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France took a reserve side to the 2001 Confederations Cup but still won the tournament

The holders of World Cup 1998 and Euro 2000 completed a hat-trick by lifting the Confederations Cup in 2001

During the late Nineties, early Noughties France couldn’t stop winning every tournament they turned up to.

World Cup 1998? Tick. Euro 2000? Tick. They would have walked your school’s gymnastics competition if they’d rocked up.

Look at all that hair, Zizou

8
Look at all that hair, Zizou

However there’s one tournament that isn’t talked about during that golden spell. The Confederations Cup in 2001.

South Korea was the setting as the country prepared to host their first World Cup the following year.

Club commitments in Europe- the season was still going on in Italy and Spain- meant France couldn’t call up a host of big guns. So how did they manage to win the tournament?

Can you name the man in the middle?

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Can you name the man in the middle?

No Euro 2000 top goalscorers, no problem

David Trezeguet, who scored France’s winning goal at Euro 2000, was still in Italy trying to help Juventus topple Roma at the summit of Serie A.

With Thierry Henry also missing the goalscoring burden fell to Steve Marlet, who’d join Fulham later that summer, and Nicolas Anelka.

Both scored during a 5-0 destruction of hosts South Korea as France got their tournament off to the best possible start.

Fulham’s biggest mistake

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Fulham’s biggest mistake

Bloodied noses and one-cap wonders

A second group game against Australia was seen as a formality, to the extent that Lemerre played Laurent Robert, Bastia striker Frederic Nee, Nantes defender Nicolas Gillet and Marseille’s Zoumana Camara.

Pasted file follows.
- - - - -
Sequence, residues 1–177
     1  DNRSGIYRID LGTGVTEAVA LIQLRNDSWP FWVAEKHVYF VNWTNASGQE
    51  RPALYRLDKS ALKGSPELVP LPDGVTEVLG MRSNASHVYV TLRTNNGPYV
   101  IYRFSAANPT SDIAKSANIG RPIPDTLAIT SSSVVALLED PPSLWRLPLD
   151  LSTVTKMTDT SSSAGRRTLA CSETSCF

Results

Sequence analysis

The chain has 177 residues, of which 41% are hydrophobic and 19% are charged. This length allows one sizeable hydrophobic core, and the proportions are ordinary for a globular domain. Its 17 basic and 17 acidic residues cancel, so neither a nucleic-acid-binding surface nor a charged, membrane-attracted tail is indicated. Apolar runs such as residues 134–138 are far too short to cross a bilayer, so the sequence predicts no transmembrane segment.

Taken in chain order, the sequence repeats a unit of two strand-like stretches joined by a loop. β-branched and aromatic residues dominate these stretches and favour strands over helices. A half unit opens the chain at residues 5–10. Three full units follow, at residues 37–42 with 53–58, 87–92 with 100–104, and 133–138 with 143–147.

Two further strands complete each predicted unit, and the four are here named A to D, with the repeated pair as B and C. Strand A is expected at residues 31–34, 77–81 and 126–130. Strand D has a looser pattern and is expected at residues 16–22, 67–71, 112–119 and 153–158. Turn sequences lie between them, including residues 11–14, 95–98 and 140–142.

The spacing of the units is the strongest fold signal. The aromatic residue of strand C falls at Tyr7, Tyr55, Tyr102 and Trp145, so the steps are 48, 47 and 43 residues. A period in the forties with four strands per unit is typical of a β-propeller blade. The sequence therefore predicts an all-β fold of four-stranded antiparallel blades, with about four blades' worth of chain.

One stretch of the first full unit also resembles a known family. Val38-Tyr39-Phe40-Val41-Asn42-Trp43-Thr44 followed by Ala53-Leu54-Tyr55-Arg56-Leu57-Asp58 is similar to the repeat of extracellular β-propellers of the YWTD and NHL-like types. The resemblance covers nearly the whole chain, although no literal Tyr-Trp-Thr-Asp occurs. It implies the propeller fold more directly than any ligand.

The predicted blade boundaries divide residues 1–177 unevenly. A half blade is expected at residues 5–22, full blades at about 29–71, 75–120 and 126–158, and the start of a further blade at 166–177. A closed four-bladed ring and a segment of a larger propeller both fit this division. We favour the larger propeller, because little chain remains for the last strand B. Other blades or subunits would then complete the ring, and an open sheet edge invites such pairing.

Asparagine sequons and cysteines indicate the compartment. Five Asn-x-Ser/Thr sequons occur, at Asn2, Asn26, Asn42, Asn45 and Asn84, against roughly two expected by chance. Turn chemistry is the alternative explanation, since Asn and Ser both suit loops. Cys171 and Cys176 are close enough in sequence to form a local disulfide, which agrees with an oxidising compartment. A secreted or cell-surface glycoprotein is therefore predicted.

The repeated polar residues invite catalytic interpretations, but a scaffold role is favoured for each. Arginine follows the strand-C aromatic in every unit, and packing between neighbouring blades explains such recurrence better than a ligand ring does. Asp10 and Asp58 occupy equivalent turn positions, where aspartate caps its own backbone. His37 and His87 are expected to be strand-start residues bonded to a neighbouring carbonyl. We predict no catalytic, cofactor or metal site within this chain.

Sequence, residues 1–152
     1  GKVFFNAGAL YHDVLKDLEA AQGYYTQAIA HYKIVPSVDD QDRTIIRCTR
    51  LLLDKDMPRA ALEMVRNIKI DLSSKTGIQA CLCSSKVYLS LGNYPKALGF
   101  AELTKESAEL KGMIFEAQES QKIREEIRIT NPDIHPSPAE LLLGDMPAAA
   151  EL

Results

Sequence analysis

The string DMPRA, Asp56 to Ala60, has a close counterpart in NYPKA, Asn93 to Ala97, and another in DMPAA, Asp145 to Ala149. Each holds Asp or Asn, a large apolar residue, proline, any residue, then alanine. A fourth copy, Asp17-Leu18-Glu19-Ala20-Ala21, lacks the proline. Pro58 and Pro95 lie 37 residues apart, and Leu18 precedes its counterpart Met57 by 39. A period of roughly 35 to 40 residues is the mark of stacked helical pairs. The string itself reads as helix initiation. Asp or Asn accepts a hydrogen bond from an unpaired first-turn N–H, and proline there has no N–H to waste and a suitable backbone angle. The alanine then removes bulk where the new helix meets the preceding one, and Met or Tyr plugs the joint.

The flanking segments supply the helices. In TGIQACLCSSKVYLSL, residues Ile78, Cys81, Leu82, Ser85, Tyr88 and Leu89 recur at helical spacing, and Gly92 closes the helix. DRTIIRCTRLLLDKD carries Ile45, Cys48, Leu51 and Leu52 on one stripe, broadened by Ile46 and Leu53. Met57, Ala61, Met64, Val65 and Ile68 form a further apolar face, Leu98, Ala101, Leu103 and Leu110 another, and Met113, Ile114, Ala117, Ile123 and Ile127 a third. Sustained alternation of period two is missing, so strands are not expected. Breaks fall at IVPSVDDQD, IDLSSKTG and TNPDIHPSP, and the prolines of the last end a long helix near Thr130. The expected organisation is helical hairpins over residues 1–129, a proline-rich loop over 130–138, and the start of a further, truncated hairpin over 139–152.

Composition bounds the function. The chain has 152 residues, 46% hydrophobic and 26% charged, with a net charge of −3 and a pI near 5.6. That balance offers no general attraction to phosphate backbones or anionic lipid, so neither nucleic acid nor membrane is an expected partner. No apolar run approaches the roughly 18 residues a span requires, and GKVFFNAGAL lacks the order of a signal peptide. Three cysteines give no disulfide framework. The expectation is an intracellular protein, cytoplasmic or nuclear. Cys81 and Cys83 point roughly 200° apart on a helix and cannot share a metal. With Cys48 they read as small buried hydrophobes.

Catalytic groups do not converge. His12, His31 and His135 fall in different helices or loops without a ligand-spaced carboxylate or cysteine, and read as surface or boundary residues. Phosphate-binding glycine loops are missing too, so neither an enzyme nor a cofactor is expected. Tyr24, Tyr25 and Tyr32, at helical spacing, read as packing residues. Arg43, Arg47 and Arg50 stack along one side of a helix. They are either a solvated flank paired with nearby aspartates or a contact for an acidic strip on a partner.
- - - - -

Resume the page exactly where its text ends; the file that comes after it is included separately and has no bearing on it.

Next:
Australia went ahead in the 60th minute through Clayton Zane and never looked back, securing a historic win.

For Nee, Gillet and Camara it would be the first and last time they ever pulled on a France shirt.

You bleedin’ beauty

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You bleedin’ beauty

A new no.10

With Zinedine Zidane back in Spain helping Real Madrid win La Liga France boss Roger Lemerre was forced to turn to a new playmaker.

Eric Carriere, a diminutive midfielder from Lyon, was given the responsibility of wearing Zizou’s iconic no.10 shirt.

After a relatively quiet start to the tournament, and with France needing a win in their final group game, Carriere scored twice. A star was (temporarily) born.

The new (old) Zizou

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The new (old) Zizou

A decimated Brazil

No squad had been as hard hit by the timing of the Confederations Cup than Brazil, who were without Ronaldo, Rivaldo, Ronaldinho and a whole host of world-class stars.

They still made life difficult for France in the semi-finals, with Fluminense striker Ramon equalising after Robert Pires’ opening goal in the 30th minute.

It took a strike from captain Marcel Desailly to put France into the final and send a spirited Brazil back home.

Don’t bother diving for those keeper

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Don’t bother diving for those keeper

Missing piece from the jigsaw

France met Japan in the final and if they were still struggling to adapt to life without Zizou the Japanese had a far bigger problem on their hands.

Hidetoshi Nakata, the star of Japan’s side, had returned to Italy to help Roma win Serie A.

In his absence Japan struggled to create clear opportunities, and France came out 1-0 winners thanks to a Patrick Vieira goal.

No Nakata, no party

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No Nakata, no party

Dress rehearsal?

As dress reversals go, the Confederations Cup couldn’t have been better preparation for the 2002 World Cup.

Throw Zidane, Trezeguet, Henry, Claude Makelele, Emmanuel Petit and Fabien Barthez back into the mix and the tournament was France’s to lose, right?

Three games later France were heading back home without winning a game or even getting on the scoresheet.

Zut alors!

Unlucky Zizou

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Unlucky Zizou

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